A sentiment we often hear is “I want to buy stocks, but I’m waiting for a pullback.” Another variation of this sentiment might sound like this, “I don’t want to buy stocks right now, the market is trading at all-time highs.” These are reasonable views. After all, it’s prudent to want to buy something at a discount. It rarely feels good to buy something at full price. The Investment Strategy Team often conducts a straw poll on how we feel about the various asset classes. Considering the recent performance of stocks (good), how the market “feels” about stocks (giddy), and valuations (full), the word that often comes up to describe our short-term view on stocks is neutral.
If you’ve tuned into some of our recent Portfolios at Your Place events, you’ll know that we’re positive on stocks over the long run. There are few better ways to ensure your purchasing power isn’t eroded by the ravages of taxes and inflation. It’s also no secret that stocks often trade near all-time highs.
That said, we recognize that it is difficult to want to buy stocks after a 14-month period in which stocks appear to have gone parabolic. To put things in percentage terms, the S&P 500 is up over 87% since its March 2020 lows. If you’re like me, you’re wishing you had found some extra cash in the couch cushions to invest last spring. At these levels, stock valuations appear to be full. The accompanying chart of S&P 500 valuations is useful in that it shows us how rich markets are relative to history. While this chart seems to make stocks look especially expensive, other valuation measures show stocks to be merely expensive, but not historically so.
The way we’re “solving for” this challenge facing investors is to, as Willie Keeler the 19th century baseball player would say, “hit em’ where they ain’t.” Right now, that’s in places outside of the US and in value stocks. We’ve increased allocations in a number of client accounts over the last several months to these areas of the market. Value stocks, for example, almost always trade at discounts to growth stocks. What intrigues us is that value stocks are trading far cheaper than their normal discount to growth stocks, as shown by the graph below.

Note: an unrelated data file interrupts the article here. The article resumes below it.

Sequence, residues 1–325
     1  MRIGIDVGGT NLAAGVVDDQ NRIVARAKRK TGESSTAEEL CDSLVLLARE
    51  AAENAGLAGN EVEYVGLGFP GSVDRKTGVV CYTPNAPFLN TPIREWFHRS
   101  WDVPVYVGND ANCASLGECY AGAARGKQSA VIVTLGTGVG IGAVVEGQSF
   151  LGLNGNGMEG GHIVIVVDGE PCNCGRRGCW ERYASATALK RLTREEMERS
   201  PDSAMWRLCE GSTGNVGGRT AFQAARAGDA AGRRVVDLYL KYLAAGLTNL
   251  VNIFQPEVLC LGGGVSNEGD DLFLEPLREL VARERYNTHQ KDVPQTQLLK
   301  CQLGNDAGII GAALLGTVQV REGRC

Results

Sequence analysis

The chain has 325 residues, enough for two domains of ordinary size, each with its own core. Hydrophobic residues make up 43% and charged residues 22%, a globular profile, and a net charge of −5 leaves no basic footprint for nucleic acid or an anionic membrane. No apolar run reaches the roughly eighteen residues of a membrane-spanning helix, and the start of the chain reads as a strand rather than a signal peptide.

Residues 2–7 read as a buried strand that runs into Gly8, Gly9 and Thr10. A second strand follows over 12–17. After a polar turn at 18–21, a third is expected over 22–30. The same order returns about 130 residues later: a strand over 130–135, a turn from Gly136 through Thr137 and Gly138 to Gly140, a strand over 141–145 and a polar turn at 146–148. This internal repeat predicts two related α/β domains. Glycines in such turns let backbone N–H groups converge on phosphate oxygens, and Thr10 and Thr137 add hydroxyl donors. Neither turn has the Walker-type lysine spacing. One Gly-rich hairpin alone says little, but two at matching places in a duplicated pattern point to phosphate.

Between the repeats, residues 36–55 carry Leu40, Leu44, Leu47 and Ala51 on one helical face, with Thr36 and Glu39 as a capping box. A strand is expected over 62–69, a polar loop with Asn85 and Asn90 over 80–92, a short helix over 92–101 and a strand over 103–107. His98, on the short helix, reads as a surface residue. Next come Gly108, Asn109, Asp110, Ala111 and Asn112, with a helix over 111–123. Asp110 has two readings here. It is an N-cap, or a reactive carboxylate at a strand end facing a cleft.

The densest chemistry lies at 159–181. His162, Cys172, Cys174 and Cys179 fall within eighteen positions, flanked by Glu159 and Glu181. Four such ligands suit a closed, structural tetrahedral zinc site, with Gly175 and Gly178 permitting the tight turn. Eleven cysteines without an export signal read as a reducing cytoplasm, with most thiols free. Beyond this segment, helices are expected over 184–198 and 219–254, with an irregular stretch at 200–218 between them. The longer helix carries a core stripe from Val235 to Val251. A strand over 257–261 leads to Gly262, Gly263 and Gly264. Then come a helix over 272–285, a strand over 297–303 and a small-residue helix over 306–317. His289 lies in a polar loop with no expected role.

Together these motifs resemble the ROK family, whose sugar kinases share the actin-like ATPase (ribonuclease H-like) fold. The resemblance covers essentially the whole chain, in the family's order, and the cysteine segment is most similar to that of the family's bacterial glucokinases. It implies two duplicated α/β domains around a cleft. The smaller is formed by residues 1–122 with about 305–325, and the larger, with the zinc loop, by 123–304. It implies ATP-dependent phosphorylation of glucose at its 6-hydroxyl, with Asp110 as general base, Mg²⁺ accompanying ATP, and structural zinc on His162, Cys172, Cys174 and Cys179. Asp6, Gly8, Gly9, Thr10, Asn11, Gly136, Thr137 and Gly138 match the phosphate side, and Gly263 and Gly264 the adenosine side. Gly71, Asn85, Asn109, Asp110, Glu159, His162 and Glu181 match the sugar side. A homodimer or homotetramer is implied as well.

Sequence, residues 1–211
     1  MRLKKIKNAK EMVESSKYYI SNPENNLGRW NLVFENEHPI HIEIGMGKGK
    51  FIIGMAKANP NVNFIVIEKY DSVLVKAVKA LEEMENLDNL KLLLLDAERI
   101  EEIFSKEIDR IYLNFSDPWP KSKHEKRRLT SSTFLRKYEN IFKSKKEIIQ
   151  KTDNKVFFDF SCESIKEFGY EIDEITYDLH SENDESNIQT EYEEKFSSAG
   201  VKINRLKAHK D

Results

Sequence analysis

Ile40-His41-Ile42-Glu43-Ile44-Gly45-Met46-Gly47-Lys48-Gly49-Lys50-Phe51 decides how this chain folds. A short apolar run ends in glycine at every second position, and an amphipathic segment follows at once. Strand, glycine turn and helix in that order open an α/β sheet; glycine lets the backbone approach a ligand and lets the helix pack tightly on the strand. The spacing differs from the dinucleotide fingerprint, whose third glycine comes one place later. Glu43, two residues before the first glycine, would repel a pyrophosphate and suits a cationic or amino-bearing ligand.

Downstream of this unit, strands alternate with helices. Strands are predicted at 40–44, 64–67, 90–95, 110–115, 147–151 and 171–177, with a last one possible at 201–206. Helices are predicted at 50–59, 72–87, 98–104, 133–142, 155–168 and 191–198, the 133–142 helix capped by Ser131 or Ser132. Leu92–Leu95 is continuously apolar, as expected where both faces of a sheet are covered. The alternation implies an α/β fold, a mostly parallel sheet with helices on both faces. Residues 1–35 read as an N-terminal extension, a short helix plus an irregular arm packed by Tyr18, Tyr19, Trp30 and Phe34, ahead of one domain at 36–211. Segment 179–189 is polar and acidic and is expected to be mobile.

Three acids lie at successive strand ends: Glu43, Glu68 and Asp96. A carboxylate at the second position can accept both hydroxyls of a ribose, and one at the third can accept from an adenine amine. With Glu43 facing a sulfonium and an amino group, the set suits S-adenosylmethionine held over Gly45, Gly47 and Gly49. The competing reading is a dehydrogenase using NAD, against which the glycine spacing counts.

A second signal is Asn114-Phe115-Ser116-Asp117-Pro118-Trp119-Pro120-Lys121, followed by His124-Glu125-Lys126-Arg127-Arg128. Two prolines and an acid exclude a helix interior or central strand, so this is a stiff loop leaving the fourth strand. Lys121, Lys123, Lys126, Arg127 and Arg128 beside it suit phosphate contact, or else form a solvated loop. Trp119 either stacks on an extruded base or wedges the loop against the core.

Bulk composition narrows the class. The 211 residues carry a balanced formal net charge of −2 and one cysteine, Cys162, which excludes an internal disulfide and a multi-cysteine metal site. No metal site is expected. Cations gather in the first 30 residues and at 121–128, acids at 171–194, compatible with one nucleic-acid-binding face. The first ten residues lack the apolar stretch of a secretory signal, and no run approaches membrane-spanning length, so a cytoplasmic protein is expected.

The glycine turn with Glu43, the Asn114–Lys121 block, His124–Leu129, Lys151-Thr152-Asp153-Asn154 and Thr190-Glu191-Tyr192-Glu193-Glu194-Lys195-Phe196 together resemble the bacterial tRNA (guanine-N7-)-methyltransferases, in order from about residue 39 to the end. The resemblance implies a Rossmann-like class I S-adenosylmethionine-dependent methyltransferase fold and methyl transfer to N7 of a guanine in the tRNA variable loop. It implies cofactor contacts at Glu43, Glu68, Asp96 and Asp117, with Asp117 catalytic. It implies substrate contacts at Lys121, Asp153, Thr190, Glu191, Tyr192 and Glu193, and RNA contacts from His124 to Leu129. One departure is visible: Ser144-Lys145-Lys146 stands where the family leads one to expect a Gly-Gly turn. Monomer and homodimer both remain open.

Outside of looking for areas of the market that are cheaper, we’ve also been relying more heavily on investment strategies that use options to protect investors against stock market selloffs while still offering upside potential in the event that stocks continue to go up. These strategies are designed to “reset” their options positions on a regular basis, allowing investors to continue participating in rising markets while at the same time increasing the price levels at which investors are protected from losses in the market.
Only time will tell whether or not stocks today are “expensive.” If they keep going up, they’ll have looked cheap, if we get a selloff everyone can say “I knew stocks were too expensive!” As best we can, we want to be positioned for either outcome.
Written by Alex Durbin, Portfolio Manager